April 2011
Volume 52, Issue 14
ARVO Annual Meeting Abstract  |   April 2011
Use Of A MEMS Segmented Mirror In An AOSLO
Author Affiliations & Notes
  • Silvestre Manzanera
    School of Optometry, University of California, Berkeley, Berkeley, California
  • Michael A. Helmbrecht
    Iris AO, Inc., Berkeley, California
  • Carl J. Kempf
    Iris AO, Inc., Berkeley, California
  • Austin Roorda
    School of Optometry, University of California, Berkeley, Berkeley, California
  • Footnotes
    Commercial Relationships  Silvestre Manzanera, None; Michael A. Helmbrecht, founder of Iris AO (E); Carl J. Kempf, employed by Iris AO (E); Austin Roorda, US Patent# 7,118,216, assigned to Univ. Rochester and Univ. Houston (P)
  • Footnotes
    Support  Ministerio de Ciencia e Innovacion (Ayuda a la investigacion postdoctoral 2008). Spain (SM). NSF AST 9876783 (AR, MAH, CJK), NIH EY14735 (AR)
Investigative Ophthalmology & Visual Science April 2011, Vol.52, 2878. doi:
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      Silvestre Manzanera, Michael A. Helmbrecht, Carl J. Kempf, Austin Roorda; Use Of A MEMS Segmented Mirror In An AOSLO. Invest. Ophthalmol. Vis. Sci. 2011;52(14):2878.

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      © ARVO (1962-2015); The Authors (2016-present)

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Purpose: : To evaluate the performance of MEMS (micro-electrical-mechanical-systems) segmented deformable mirrors in adaptive optics (AO) vision systems, in particular for retinal imaging with an adaptive optics scanning laser ophthalmoscope (AOSLO).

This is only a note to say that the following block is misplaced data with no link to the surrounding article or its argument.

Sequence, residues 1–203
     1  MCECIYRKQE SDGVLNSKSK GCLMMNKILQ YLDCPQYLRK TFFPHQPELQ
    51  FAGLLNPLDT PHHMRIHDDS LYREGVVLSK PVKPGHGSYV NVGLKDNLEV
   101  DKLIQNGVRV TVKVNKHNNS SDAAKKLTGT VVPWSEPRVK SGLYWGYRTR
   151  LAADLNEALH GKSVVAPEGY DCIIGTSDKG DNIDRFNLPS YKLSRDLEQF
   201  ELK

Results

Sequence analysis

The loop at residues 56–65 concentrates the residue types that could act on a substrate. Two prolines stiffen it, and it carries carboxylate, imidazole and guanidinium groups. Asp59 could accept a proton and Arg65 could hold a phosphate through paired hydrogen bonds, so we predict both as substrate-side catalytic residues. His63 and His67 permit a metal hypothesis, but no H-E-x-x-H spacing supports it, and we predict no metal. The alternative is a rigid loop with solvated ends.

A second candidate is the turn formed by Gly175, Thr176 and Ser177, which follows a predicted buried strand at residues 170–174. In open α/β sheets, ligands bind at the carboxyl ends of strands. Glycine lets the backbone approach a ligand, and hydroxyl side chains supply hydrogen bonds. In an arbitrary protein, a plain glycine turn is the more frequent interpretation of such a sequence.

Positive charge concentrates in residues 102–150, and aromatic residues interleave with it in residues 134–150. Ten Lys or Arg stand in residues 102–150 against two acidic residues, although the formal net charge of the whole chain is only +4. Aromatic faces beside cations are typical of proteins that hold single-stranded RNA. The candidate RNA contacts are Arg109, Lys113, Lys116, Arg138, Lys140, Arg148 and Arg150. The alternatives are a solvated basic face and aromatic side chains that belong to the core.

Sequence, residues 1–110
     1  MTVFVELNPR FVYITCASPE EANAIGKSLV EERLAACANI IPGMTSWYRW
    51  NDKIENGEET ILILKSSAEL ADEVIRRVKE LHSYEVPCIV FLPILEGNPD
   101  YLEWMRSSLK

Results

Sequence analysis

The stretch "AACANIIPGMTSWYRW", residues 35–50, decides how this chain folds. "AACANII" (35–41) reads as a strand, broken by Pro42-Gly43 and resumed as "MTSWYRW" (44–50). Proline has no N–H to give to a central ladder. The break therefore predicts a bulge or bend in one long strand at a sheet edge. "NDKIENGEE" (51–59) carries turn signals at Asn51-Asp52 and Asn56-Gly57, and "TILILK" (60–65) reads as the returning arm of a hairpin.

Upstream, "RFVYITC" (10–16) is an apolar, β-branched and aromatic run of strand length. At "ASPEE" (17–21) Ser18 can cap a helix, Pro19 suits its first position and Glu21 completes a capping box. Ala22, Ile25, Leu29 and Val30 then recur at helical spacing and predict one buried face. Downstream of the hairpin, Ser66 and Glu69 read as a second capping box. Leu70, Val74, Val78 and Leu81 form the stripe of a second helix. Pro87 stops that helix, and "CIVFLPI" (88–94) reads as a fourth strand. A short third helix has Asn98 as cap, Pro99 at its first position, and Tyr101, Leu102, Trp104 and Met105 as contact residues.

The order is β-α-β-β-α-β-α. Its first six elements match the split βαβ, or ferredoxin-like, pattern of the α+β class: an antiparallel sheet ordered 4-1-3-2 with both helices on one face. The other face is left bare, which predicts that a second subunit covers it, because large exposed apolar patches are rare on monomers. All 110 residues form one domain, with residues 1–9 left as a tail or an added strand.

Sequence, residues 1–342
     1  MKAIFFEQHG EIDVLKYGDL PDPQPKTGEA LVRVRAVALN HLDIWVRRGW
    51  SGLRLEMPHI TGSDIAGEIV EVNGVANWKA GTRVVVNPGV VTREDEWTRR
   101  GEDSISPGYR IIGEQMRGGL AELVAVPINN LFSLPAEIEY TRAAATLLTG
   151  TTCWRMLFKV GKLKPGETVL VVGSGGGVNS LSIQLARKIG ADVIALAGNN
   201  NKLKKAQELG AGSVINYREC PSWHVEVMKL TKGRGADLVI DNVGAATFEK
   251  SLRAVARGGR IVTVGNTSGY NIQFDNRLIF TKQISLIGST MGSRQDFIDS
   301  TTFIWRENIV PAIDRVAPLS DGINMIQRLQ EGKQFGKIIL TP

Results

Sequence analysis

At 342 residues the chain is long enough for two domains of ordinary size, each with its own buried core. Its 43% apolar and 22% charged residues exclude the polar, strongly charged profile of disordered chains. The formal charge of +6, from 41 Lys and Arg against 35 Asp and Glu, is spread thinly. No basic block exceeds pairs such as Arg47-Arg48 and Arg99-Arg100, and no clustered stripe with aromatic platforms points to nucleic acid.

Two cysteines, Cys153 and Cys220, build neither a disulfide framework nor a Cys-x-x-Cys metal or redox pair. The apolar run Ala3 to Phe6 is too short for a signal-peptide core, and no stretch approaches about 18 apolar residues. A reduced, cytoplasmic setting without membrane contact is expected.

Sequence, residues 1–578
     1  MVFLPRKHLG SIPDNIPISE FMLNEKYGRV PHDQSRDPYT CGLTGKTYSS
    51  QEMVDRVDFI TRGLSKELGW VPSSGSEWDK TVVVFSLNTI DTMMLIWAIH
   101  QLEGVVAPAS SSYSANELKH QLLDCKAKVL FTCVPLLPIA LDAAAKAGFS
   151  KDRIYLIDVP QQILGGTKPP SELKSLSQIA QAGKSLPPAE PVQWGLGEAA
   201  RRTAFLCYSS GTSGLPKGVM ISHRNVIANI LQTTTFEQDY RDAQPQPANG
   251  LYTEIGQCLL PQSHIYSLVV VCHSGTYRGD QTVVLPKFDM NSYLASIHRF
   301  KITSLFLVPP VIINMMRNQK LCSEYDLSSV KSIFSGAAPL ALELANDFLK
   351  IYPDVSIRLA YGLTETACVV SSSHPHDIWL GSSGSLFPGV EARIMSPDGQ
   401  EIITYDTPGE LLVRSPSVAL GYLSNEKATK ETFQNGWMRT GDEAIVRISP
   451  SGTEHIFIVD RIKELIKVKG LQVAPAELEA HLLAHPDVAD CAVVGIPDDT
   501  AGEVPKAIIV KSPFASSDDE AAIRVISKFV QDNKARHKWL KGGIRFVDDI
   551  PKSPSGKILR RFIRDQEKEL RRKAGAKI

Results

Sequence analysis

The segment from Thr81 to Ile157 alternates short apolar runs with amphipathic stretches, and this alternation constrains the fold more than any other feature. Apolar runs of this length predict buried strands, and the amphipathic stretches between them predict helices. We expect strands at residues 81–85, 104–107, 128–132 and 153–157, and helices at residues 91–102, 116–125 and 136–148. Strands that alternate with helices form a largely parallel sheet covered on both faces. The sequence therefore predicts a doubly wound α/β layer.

Methods: : The tested AO mirror (Product Name: PTT111-5), manufactured by Iris AO, Inc., is composed of 37 hexagonal segments tightly packed (98% fill factor) in a hexagonal arrangement over a 3.5 mm optical aperture. Each segment is driven by three actuators that allow piston/tip/tilt motion up to 5 µm stroke and ±5 mrad angle. This device was utilized as the adaptive optics corrector in an AOSLO designed for imaging through a 6.4 mm eye pupil, to obtain 0.9x0.9 degree retinal images from 4 normal subjects at two retinal locations, fovea and 1º temporal. The control system (Product Name: AO Engine) used to implement closed-loop AO control employs a 1:1 matched 37-lenslet Shack-Hartmann wavefront sensor (SHWFS) that samples the wavefront at a 60 Hz rate. The wavefront data, represented as a 5th order Zernike polynomial, are used to apply corrections to the DM in a modal fashion. To compensate for subject-to-subject variations in pupil sizes, the AO controller automatically uses different wavefront reconstructors depending on how many SHWFS spots are detected.

Results: : The images for all of the four subjects showed resolved retinal features at the cellular level (retinal cone mosaic or blood cells), with the typical inter-subject variability that we experience with our existing AO systems. After aberration correction, the final RMS achieved for the 6.4 mm ocular pupil recorded by the wavefront sensor was always below 0.06 microns, although this measurement is limited to what is detectable by the 37 lenslet array.

Conclusions: : By using an AO control system that is well-matched to the mirror, it is possible to use MEMS segmented mirrors with a moderate number of actuators to acquire images of cone photoreceptors as close as 0.25 degrees from the foveal center. In an AOSLO, these retinal images have similar quality to that obtained through deformable mirrors based on different technologies.

Keywords: imaging methods (CT, FA, ICG, MRI, OCT, RTA, SLO, ultrasound) 

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